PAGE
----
Cities after Covid-19: Will the Sangam city regain its vibrancy?
In an era of social distancing and mass sanitising, will the religious congregation of several crore in the annual Magh Mela, the six-yearly Ardh Kumbh or the grand 12-yearly Kumbh Mela be a reality now?
The sandy banks of the Sangam, which witnessed over 240 million people bathe in its holy water early last year, today stands as a mute testimony to the Covid fear.
With the coronavirus fear gripping the entire world some questions haunting the Sangam city residents are: In an era of social distancing and mass sanitising, would the religious congregation of several crore in the annual Magh Mela, the six-yearly Ardh Kumbh or the grand 12-yearly Kumbh Mela be a reality now? Or how far could a virus distance the devotee from his/her beliefs and rituals?
The city has a complex mix of religion and tourism, which is gasping for breath, now.
Rajendra Paliwal, general secretary of Prayagwal Sabha, the official body of ‘teerth purohits’ in Prayagraj, said: “If the forthcoming Magh Mela, to be held in January-February 2021, is called off, it would be the first time in history to be cancelled. It would be a decision based on belief versus well being. Not even the mughals in their 500-year rule or British in their 100-year rule called it off,” he said.
According to Paliwal, a sixth generation ‘teerth purohit’, around 800 families, roughly having 10 members each, are dependent on ‘purohiti’, the act of guiding Hindu devotees in performing religious rituals.
“Every purohit family, during the annual fair, earn enough cash, and kind, from devotees to survive the whole year. ‘Pratishtha’ and ‘maryada’ are of utmost importance for a purohit, who despite hailing from a middle class background, would never beg. But the pandemic has spelled trouble never thought off. Purohits, after the mela, also visited houses of devotees, on their invitation, the rest of the year for collecting food grains from their fields. But this year, owning to the lockdown, they could not go visiting,” he added.
The annual mela also spells economic boom for sectors like food and hospitality too. According to Joginder Singh, president of Prayagraj Hotel and Restaurant Association, over 100 hotels exist in city limits, which on a monthly basis, owing to the lockdown, were losing of Rs 1,000 million (Rs 100 crore).
“The future of hotels for at least the next one year is bleak. The corona pandemic has spelled doom for the hotel industry. The Magh Mela meant business for hospitality sector in the city. But now the fear of the pandemic will continue to cast its affect on our cash registers,” he added.
Similarly, the tourism industry will be at receiving end post lockdown owing to the pandemic.
Tourism department officials said Prayagraj received the maximum ever of over 280 million tourists in 2019, including the 240 million tourists who participated in the mela. The Kumbh crowd comprised of 23,94,70,000 Indian tourists besides 10,30,000 foreign tourists.
The official graph of tourist footfall in the past five years in Prayagraj had recorded a steady rise. For example in 2015, around 41 million tourists visited Sangam city which swelled to around 42 million in 2016. In 2017, nearly 42 million tourists arrived in Prayagraj while in 2018 the figures increased to over 45 million. The figure significantly swelled to over 285 million in 2019.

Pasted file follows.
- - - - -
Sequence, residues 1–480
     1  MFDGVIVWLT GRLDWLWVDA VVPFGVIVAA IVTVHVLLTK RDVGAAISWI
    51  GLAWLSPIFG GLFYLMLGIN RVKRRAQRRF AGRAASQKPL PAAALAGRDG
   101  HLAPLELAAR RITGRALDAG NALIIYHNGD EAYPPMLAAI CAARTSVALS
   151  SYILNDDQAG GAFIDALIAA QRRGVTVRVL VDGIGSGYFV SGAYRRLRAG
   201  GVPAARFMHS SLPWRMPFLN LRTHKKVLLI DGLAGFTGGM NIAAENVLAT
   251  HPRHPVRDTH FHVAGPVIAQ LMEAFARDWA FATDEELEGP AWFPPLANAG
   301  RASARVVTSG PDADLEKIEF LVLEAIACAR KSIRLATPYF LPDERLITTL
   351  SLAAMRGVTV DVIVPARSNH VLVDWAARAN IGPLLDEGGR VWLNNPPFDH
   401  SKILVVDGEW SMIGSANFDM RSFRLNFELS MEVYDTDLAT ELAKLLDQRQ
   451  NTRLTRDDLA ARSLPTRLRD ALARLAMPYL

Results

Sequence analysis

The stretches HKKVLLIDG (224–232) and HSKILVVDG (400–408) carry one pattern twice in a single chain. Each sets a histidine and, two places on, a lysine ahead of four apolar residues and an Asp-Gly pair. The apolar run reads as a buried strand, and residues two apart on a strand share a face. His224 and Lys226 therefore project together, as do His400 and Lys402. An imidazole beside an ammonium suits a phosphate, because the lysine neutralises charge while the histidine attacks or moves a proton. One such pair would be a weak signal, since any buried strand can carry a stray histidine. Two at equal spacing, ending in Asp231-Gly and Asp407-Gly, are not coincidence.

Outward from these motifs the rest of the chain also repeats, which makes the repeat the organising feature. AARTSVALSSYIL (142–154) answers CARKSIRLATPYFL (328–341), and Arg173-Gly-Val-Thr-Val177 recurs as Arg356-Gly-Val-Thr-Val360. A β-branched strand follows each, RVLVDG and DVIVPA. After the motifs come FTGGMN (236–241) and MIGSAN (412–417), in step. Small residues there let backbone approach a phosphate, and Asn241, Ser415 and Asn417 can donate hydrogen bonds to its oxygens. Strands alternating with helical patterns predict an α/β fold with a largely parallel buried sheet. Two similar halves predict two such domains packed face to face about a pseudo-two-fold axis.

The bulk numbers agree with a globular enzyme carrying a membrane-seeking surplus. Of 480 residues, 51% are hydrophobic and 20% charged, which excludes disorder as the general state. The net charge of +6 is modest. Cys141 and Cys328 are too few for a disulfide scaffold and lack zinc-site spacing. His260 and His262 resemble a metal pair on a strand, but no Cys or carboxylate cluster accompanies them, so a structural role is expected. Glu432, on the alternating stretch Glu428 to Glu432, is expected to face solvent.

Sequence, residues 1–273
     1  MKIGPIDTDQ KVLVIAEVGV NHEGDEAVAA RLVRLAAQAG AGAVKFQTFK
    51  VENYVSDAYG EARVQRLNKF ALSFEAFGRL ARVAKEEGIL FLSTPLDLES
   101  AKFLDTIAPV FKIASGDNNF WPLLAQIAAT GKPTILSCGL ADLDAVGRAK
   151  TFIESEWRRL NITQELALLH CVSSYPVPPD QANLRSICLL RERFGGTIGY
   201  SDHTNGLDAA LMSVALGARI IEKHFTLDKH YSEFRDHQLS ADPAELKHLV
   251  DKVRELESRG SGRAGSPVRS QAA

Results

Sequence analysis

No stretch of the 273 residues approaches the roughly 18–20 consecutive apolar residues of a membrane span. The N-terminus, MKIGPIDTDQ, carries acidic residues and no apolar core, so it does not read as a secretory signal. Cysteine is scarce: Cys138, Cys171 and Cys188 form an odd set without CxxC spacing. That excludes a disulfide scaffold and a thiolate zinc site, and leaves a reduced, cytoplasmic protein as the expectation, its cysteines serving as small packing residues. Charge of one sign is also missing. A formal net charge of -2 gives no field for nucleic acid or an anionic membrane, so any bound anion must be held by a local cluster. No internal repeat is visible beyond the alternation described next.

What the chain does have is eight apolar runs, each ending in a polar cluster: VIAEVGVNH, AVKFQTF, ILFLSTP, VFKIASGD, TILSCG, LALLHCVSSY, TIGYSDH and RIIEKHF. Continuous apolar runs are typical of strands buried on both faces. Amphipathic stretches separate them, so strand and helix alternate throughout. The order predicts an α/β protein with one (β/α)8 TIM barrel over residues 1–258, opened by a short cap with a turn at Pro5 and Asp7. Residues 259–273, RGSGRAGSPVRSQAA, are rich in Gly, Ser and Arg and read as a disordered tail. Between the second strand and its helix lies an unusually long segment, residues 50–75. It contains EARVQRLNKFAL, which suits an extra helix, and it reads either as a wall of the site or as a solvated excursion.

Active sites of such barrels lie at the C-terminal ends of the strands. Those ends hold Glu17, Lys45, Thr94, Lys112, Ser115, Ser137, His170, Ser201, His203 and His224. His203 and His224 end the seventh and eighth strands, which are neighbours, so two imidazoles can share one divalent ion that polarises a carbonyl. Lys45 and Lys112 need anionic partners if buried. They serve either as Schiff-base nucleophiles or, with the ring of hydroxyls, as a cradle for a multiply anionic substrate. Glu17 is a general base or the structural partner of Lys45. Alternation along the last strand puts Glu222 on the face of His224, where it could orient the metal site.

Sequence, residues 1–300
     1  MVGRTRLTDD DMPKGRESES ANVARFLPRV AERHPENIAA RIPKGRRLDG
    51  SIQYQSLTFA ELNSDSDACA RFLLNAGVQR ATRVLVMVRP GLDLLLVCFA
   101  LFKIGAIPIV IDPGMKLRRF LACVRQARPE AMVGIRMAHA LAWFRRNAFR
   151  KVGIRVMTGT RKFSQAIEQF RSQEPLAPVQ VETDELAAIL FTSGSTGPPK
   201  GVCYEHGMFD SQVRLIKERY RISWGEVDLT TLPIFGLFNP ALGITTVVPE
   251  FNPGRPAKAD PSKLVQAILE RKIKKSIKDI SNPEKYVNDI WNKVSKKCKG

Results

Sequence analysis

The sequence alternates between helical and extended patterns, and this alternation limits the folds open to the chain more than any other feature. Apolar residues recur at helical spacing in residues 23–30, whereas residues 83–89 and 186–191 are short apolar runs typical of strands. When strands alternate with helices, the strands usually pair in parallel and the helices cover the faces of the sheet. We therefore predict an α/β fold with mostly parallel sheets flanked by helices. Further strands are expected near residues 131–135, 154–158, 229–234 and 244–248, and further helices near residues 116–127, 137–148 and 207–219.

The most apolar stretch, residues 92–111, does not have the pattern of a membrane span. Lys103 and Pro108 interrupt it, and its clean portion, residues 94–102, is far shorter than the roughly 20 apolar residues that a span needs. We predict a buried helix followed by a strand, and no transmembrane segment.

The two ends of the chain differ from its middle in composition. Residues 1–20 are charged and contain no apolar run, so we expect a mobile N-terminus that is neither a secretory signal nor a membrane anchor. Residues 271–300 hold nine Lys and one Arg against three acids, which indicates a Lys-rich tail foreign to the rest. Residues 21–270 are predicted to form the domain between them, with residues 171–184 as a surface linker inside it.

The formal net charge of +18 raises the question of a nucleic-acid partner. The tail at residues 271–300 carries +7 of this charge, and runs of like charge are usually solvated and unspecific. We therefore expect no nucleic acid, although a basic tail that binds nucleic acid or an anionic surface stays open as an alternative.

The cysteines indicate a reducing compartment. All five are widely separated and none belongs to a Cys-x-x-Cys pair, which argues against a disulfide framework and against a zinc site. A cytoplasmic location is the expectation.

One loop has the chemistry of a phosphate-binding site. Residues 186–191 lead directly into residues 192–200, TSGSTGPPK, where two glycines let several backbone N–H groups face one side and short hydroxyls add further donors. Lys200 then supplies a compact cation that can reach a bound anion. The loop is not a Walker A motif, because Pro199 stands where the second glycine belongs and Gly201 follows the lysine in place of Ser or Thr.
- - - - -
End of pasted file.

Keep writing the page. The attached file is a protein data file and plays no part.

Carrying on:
A senior UP Tourism department official, who did not want to be named, said the pandemic will hurt the tourism industry like nothing before. “Prayagraj is one of the major revenue earners for the state as far as tourism is concerned. But sadly, no one can help as far as revival of tourism in state post lockdown is concerned as the lurking corona fear will kill even a bleak chance of revival of tourism,” he added.
President of UP chapter of Confederation of All India Traders (CAIT), Mahendra Kumar Goyal, claimed
financial loss suffered by businesses during lockdown was a staggering Rs 60,000 million.
“The whopping financial loss includes Rs 2,750 million of hotel industry, Rs 6,500 million of shops selling clothes, shoes etc, Rs 10,000 million each of FMCG and transport sectors, Rs 3,000 million of electronics and electrical good, Rs 170 million of shops selling laptops and mobiles etc, Rs 17,000 million of jewellery shops, Rs 8,000 million of automobile and spare part dealers, Rs 9,000 million of shops selling building construction material etc.
“Also, around 4 lakh residents engaged in different sectors are also at the receiving end as most of them have lost their jobs,” he added.
Prof GC Tripathi of department of economics, Allahabad University, said: “The government will have to initiate well-planned short and long term approach to bring the economy on track. Under short term measures, the government will have to ensure availability of essentials to all, specially the migrants and low income group people. Likewise, under the long term measures establishing of small cottage industries and business ventures to re-establish displaced rural masses should be a priority.”
As per the economist, post lockdown every economy, both developed and developing, would adopt
protective measures to deal with any such pandemic-like situation in future.